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Discussion about a patient experiencing headaches  a month after being evacuated from Nepal with HACE.

A trekker who’s returned to the UK from a trek one month ago after being evacuated from the Everest Base Camp Trek with HACE. A month later she was still getting daily headaches, made worse recently when she started playing a wind instrument.

Local GP’s and a neurologist have not given her any explanation of why she’s still getting headaches and are planning an MRI later in the month.Whilst I’m familiar with immediate HACE management, I’d like to know if this is a common situation with patients post-HACE in your collective experience?
I don’t want to interfere  with her management unnecessarily but would appreciate others perspective on this too.



Although there is very little research on the after effects it has been largely assumed that HACE resolves quickly and leaves no long term consequences. However, from experience anecdotal evidence many HACE sufferers do experience some neuropsychiatric symptoms for periods of weeks or rarely, months following their episode.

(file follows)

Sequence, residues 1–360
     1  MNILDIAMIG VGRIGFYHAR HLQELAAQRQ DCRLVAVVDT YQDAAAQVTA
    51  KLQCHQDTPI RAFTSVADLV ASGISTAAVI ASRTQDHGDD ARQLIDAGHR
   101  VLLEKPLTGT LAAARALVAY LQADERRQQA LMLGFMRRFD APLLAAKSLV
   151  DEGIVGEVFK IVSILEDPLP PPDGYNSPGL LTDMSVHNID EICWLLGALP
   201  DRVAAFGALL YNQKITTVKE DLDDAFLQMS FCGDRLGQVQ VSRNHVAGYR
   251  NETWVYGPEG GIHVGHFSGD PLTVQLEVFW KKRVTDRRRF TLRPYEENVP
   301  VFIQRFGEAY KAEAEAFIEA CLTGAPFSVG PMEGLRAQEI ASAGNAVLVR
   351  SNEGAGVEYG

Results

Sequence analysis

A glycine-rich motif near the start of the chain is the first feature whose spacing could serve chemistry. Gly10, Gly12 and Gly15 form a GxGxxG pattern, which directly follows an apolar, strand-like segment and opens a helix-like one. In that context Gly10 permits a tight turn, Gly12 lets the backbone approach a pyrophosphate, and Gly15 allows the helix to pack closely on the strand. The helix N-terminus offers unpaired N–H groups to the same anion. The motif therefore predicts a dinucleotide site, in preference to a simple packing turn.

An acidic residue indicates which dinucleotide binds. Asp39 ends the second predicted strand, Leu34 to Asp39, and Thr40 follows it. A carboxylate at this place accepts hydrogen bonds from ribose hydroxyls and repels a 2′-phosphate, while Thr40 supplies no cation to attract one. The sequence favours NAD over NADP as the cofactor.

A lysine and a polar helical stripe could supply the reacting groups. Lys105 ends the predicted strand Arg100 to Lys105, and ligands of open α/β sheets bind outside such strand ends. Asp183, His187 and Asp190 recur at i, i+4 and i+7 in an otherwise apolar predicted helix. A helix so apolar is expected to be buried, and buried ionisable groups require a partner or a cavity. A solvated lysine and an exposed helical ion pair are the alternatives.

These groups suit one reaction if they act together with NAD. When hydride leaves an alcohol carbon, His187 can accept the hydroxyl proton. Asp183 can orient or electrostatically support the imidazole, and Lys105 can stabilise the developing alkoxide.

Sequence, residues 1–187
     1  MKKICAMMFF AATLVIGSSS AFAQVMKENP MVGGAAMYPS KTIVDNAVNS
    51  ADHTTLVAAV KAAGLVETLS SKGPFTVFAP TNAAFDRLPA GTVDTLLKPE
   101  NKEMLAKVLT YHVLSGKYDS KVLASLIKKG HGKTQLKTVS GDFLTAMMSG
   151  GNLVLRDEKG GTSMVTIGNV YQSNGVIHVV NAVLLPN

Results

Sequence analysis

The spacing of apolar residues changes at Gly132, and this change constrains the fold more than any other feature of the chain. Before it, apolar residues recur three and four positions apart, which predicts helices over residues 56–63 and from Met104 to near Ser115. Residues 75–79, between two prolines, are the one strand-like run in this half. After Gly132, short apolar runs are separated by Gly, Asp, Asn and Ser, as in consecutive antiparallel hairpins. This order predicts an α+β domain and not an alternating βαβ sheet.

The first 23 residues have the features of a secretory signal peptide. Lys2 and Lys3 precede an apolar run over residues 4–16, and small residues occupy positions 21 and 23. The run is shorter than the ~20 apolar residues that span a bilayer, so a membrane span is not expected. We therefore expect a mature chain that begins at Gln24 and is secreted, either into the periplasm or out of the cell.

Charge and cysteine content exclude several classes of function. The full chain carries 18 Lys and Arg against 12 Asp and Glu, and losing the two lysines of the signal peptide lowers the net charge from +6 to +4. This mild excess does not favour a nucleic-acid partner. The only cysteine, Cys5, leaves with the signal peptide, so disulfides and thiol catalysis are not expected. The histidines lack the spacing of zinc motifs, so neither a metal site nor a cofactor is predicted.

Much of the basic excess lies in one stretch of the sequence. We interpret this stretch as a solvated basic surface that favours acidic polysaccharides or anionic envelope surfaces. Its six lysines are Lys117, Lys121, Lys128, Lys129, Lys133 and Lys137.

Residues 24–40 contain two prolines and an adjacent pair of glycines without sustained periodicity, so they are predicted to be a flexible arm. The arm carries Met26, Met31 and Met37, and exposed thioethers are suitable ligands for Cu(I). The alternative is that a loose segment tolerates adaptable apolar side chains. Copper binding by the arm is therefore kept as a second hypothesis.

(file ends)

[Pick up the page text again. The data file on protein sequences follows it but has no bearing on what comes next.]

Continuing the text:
This perhaps shouldn’t come as a surprise – the few MRI studies that have been conducted on HACE sufferers show changes, especially small areas suggesting haemorrhage, that may persist for months or more after an episode. In addition, wearing my intensivists hat, it’s worth emphasising that this was a life threatening illness that resulted from near catastrophic breakdown of the blood brain barrier. Following such illnesses we know that recovery often continues for a long time after discharge from hospital. You’ve only got to look at the depressingly low numbers of ITU patients who return to full time work at 1 year to see how recovery is often incomplete. Post ITU follow up services, patchy across the UK, recognise the need for structured physical therapy and psychological support tailored to the needs of the individual. Young, fit and previously healthy patients are often frustrated by their slow progress. Personally, I think this is often made worse by a lack of awareness. HACE sufferers rarely remember how sick they were. Doctors tell them that they’ll make a full and rapid recovery. But patients, their family and friends need to know just how ill they were. That the recovery may be slow and reaching out for counselling and other  psychological support is perfectly acceptable.


Post Author: Simon Currin